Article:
Copay Cards Negatively Impact Generic Drug Usage
Increasing the generic dispensing rate is a key area of focus to drive lower cost. The use of generic medications lowers overall drug costs and improves medication adherence, leading to better control of chronic diseases and reduced health care costs.1
Pharmaceutical manufacturers distribute copay cards to eliminate the barrier of higher patient out-of-pocket cost for brand-name medications. This strategy can encourage a patient to start a brand-name medication in place of a generic alternative, or incentivize a patient to keep taking a brand-name even when the generic equivalent becomes available.2
Copay cards are beneficial when the brand-name is the only medication the patient can take. However, the use of copay cards often leads to unnecessary use of brand-name medications. One study estimated that for brand-name drugs facing generic competition, the use of copay cards can boost sales of the brand-name drug by at least 60%.3
Unintended Consequences of Copay Cards:
- Copay cards have a maximum savings limit and expire. Patient then pays full price.
- Copay cards can reduce cost to patients, but payers still pay their full share of brand-name medication, increasing medication spending. The chart below provides an example showing higher costs to the payer for brand-name Januvia, compared to the alternative generic option of alogliptin (see chart).
- Copay cards most often do not contribute to deductibles or out-of-pocket maximums. As a result, they are not actually reducing out-of-pocket spending in many situations.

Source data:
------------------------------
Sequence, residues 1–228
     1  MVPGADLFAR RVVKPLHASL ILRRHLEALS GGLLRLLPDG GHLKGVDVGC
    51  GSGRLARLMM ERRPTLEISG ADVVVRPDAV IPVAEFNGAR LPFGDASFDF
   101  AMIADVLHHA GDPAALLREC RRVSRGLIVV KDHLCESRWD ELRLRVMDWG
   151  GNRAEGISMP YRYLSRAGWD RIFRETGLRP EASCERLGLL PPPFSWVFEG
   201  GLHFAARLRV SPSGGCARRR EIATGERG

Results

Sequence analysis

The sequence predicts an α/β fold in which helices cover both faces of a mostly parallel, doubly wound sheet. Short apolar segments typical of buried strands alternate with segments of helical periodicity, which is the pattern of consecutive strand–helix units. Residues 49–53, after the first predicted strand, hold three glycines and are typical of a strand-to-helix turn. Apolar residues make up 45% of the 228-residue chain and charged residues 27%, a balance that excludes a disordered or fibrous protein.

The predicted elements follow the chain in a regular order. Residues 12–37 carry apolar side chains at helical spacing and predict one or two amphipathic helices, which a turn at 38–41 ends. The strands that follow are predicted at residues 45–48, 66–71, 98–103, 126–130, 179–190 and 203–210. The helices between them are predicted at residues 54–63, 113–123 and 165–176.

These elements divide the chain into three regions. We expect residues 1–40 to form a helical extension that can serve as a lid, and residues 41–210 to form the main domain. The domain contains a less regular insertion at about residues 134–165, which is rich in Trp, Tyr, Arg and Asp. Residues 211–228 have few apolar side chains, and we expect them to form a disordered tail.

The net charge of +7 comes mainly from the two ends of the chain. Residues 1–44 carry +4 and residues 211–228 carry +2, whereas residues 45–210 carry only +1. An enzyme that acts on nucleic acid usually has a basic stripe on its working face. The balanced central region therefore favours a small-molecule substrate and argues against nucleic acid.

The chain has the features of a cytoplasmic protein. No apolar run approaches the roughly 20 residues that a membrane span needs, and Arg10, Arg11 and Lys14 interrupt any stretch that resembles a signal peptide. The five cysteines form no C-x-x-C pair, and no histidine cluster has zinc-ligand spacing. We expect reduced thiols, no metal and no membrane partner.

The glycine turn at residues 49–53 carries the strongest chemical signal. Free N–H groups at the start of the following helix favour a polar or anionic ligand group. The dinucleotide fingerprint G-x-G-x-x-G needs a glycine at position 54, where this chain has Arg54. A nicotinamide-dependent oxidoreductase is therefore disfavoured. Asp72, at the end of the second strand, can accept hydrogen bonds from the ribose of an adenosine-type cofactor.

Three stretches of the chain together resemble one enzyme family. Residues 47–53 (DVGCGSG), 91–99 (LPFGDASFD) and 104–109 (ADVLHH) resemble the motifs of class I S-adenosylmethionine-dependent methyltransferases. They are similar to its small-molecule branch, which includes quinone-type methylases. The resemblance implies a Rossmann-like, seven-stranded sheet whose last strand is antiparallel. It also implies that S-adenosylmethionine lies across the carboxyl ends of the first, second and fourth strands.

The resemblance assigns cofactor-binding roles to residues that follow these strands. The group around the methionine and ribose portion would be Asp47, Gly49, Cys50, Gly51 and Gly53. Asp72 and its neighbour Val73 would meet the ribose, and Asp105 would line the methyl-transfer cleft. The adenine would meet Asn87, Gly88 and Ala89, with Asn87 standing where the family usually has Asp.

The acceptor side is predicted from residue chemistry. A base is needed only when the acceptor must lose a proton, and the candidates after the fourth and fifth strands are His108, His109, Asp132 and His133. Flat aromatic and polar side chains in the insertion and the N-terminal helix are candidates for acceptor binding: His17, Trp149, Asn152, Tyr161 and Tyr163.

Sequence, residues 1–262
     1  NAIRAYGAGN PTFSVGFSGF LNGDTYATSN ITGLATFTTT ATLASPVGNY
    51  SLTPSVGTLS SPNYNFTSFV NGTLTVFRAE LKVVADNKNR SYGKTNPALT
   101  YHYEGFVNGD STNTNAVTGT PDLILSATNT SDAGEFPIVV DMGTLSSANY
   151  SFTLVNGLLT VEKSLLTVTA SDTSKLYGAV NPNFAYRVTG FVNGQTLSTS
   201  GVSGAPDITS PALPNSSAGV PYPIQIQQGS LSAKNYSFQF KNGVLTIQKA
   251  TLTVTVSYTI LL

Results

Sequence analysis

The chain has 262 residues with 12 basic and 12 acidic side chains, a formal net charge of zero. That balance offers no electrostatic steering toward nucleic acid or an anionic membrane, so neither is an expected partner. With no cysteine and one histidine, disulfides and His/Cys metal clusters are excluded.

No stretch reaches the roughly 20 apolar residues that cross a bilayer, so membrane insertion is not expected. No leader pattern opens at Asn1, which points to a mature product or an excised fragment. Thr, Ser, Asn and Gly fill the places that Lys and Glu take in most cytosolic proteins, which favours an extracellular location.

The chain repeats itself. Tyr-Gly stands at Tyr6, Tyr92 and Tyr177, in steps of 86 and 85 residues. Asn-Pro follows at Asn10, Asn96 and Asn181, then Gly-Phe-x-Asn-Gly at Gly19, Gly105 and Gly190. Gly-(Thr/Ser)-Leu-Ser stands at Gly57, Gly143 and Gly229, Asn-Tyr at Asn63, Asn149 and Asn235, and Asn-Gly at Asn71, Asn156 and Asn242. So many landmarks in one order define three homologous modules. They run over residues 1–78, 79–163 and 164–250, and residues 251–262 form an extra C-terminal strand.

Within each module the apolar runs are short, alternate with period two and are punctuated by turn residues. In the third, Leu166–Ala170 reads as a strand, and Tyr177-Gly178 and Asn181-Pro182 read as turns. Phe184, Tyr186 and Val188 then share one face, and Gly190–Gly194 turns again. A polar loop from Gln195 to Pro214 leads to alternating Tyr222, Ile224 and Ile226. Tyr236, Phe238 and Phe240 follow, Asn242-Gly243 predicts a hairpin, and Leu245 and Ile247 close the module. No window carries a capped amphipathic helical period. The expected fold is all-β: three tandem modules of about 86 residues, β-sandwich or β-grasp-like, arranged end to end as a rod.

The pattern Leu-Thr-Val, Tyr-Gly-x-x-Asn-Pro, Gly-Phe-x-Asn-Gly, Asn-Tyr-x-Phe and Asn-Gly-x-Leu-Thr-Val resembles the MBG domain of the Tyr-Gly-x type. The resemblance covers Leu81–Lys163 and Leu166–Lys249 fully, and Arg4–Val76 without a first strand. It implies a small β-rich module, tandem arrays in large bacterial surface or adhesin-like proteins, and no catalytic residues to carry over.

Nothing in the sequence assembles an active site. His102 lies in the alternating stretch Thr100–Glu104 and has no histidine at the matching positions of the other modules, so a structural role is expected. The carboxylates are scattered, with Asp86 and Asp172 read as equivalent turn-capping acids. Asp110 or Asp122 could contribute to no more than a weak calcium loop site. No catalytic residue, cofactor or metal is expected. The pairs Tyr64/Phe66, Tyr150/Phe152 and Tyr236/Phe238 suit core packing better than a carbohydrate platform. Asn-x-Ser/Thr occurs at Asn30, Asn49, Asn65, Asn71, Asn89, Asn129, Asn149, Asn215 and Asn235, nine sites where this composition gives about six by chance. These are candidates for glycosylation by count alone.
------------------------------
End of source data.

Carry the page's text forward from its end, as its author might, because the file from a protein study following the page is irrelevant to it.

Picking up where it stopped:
- Copay cards increase use of brand-name drugs, driving up medication expenditure and lowering generic dispensing rate.
- Use of copay cards can result in unintended costs for payers and patients .
- When a generic equivalent becomes available, it is best to utilize the generic formulation and avoid use of copay cards.
- Choudhry N, et al. Improving Adherence to Therapy and Clinical Outcomes While Containing Costs: Opportunities from the Greater Use of Generic Medications: Best Practice Advice from the Clinical Guidelines Committee of the American College of Physicians. Ann Intern Med. 2016;164:41-49.
- Dafny L, Ody C, Schmitt M. When Discounts Raise Costs: The Effect of Copay Coupons on Generic Utilization. American Economic Journal: Economic Policy, 2017; 9(2): 91-123.
- “Prescription Drug Coupons Actually Increase Healthcare Spending by Billions.” October 3, 2017. https://insight.kellogg.northwestern.edu/article/prescription-drug-copay-coupons-hurt-generic-competition.